I'm wondering what Montana was doing prior to that decision. They had to have seen that coming, that their Act would clearly be in opposition to the Citizens United decision. It wasn't until after the fact that they actually started yelling 'take back America!'

    No doubt there's some political calculation in this - I would suggest sweeping the election for governor, but it appears that he's already at his term limit.

    PSN: Donnicton - Switch FC: SW-6944-1374-2020 - Wii/3DS FC: 1633-4230-5354 - Steam: Donnicton - BNet: Donnicton#11763
  • MillMill Registered User regular
    edited July 2012
    Yeah, if you can get the right-wingers on board without having to concede anything, that would do wonders for ensuring passage. The sad thing is the corporations only need to by off one of the legislative chambers in 13 states different states to prevent passage. If VA is a good indication of anything, state senates will probably be fairly easy in comparison to the state houses of delegates (as in the whole thing will be tough). I think you could find the votes in VA because one or two of our shitty Republicans would probably vote in favor and they're slightly more visible than state delegates. I see the harder battle with getting state houses of delegates on board because their are more people for corporations to buy off, they tend to get some of the more crazy and quite possible corrupt people (seriously fuck the general public for not paying attention to state and local elections) and probably are hardly scrutinized by their constituents, so they'll feel like they can get away with voting no even if signs point to it being a terrible idea.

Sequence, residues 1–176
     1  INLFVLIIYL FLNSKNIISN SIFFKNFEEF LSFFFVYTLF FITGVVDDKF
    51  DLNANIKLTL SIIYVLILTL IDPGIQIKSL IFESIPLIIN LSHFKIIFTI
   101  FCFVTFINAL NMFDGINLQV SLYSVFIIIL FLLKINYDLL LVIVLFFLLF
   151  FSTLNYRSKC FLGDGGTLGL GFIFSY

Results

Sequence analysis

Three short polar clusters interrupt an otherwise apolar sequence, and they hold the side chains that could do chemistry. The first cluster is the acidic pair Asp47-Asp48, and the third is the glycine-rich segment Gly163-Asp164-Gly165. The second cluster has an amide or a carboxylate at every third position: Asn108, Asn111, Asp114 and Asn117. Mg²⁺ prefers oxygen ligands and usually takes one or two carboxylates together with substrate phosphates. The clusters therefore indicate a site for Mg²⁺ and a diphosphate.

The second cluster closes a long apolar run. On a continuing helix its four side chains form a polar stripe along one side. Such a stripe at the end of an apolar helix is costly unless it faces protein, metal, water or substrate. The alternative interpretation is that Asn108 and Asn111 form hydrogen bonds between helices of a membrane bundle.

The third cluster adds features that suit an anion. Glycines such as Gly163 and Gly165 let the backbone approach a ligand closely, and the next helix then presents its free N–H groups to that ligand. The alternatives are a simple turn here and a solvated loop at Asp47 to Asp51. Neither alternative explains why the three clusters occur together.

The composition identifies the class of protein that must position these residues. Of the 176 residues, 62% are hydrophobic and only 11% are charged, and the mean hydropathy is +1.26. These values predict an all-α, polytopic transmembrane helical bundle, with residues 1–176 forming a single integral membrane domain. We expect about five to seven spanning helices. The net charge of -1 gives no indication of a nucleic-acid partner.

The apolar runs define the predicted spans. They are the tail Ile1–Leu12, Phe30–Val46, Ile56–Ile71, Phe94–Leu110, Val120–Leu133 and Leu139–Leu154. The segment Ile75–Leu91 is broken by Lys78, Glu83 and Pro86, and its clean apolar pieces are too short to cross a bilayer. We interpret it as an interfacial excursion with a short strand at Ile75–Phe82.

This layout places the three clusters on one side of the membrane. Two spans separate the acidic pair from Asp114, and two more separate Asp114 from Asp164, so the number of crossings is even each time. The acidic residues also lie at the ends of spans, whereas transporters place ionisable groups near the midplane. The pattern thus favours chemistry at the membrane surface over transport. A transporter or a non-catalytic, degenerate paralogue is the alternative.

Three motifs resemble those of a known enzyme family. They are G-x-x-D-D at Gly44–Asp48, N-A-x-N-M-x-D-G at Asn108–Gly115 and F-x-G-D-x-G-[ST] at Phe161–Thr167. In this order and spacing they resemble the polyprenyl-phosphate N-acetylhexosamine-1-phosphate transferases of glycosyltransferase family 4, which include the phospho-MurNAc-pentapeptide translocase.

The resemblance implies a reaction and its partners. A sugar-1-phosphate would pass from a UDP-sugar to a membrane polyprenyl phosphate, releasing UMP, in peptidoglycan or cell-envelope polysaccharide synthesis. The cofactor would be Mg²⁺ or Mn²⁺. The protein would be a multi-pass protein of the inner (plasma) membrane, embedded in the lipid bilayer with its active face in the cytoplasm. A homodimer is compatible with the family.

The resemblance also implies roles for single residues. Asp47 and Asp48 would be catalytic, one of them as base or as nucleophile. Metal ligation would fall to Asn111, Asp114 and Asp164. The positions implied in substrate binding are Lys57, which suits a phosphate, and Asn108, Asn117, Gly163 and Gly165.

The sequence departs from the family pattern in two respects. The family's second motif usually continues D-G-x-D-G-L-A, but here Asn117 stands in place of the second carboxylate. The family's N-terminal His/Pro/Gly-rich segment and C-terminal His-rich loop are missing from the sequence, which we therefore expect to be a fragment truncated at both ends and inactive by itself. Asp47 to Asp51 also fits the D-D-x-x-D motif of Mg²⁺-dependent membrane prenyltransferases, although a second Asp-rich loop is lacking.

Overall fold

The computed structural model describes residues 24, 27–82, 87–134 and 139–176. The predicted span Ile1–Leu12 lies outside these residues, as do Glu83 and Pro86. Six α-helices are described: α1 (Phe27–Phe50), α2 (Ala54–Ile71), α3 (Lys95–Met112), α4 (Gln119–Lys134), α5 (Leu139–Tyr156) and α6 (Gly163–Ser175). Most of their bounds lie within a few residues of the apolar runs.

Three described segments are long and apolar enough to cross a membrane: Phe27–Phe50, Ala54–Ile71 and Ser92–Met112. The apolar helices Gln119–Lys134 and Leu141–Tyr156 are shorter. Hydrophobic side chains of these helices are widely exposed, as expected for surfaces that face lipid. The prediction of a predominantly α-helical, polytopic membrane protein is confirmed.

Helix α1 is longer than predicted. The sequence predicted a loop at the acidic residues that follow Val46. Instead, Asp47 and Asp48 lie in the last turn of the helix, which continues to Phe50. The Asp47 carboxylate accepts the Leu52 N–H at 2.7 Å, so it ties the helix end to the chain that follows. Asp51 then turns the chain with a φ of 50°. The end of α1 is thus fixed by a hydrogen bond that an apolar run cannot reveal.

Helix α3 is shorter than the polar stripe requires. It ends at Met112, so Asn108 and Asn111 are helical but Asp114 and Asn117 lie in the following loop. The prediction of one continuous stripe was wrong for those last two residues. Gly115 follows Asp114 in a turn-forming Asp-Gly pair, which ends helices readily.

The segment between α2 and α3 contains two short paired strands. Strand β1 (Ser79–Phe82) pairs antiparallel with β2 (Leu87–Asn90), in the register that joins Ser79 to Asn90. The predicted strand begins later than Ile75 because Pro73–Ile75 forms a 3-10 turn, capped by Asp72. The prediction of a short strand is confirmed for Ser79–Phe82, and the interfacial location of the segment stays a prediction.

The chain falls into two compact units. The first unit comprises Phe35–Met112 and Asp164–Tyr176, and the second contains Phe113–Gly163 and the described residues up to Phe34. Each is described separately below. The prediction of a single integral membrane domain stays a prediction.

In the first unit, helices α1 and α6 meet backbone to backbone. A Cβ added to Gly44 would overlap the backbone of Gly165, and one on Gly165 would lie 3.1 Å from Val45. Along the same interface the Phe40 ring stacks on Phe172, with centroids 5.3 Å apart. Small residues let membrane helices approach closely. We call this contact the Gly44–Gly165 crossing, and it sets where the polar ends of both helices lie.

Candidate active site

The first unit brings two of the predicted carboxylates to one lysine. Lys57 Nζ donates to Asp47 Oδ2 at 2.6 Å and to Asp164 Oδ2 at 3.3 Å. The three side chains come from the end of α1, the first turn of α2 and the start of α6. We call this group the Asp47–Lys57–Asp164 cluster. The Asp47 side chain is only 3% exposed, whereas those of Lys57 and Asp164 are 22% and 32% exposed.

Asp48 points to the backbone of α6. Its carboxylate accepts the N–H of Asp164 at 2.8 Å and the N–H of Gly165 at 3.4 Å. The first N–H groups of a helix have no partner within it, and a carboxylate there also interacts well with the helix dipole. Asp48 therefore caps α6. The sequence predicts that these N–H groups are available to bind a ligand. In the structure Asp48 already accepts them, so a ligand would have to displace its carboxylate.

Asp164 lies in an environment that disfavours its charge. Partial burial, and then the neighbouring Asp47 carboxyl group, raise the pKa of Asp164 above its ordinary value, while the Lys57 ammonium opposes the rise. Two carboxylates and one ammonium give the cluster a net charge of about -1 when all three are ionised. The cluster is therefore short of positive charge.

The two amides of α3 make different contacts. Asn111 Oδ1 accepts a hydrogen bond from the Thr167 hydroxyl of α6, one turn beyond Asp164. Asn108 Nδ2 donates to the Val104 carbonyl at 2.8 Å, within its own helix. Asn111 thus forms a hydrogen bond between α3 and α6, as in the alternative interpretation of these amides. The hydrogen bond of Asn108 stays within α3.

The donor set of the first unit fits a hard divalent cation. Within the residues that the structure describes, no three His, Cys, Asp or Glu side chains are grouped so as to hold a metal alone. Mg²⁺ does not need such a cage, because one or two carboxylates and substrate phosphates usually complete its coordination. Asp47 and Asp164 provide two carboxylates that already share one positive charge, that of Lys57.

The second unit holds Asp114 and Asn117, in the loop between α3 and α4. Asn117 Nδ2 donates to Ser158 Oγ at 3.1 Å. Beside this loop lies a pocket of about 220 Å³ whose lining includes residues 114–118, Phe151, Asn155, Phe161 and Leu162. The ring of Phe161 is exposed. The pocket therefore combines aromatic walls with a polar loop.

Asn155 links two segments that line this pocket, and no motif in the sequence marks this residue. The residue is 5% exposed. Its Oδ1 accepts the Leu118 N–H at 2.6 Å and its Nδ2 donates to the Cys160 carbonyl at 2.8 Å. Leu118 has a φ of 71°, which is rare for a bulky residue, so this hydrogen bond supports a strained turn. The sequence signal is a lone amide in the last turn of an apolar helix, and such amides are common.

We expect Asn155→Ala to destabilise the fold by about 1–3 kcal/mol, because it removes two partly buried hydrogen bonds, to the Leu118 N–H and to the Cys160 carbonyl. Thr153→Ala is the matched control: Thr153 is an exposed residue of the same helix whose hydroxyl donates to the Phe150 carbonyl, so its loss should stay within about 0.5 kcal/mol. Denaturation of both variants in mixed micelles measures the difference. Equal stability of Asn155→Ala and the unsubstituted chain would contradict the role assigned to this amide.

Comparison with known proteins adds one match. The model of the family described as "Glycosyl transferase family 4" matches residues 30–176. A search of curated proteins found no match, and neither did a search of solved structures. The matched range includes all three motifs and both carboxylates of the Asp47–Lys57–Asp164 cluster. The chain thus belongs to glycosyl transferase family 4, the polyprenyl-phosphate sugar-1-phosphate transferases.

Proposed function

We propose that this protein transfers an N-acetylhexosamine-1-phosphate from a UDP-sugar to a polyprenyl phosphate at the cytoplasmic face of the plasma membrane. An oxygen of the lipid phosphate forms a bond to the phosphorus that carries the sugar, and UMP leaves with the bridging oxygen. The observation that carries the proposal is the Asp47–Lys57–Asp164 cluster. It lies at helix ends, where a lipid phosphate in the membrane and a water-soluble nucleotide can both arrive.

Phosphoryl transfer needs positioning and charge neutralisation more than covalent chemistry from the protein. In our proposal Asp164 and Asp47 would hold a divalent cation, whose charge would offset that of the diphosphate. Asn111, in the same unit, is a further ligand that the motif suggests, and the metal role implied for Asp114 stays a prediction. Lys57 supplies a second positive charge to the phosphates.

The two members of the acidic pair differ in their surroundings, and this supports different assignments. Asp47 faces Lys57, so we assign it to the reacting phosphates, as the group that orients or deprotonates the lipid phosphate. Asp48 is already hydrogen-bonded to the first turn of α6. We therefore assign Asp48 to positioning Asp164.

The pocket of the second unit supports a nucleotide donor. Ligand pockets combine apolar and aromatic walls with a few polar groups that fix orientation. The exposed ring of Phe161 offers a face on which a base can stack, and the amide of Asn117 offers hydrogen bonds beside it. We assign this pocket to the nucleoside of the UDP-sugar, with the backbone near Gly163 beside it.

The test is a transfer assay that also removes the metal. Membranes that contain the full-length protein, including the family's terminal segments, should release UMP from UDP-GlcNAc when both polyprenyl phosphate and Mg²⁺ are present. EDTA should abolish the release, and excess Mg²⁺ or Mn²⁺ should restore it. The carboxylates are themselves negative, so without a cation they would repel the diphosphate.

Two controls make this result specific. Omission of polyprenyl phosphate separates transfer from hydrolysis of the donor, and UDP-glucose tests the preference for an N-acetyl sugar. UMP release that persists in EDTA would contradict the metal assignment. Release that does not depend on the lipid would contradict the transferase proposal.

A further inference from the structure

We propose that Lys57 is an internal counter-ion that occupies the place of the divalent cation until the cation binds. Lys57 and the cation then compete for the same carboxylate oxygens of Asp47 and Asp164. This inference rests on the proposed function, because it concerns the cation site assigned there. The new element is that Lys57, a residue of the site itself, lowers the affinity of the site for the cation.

Mill on
    Steam ID
    battletag: Millin#1360
  • HappylilElfHappylilElf Registered User regular
    Donnicton wrote:
    are calling for a constitutional amendment overturning Citizens United.

    I'm in.

    Can we add in the amendment that all members of SCOTUS who wrote or upheld Citizens United decision have to write "I'm an idiot" 1000 times on chalkboards which will then be turned into a national monument?

  • KageraKagera Imitating the worst people. Since 2004Registered User regular
    I thought this thread was about an interstate highway.

    My neck, my back, my FUPA and my crack.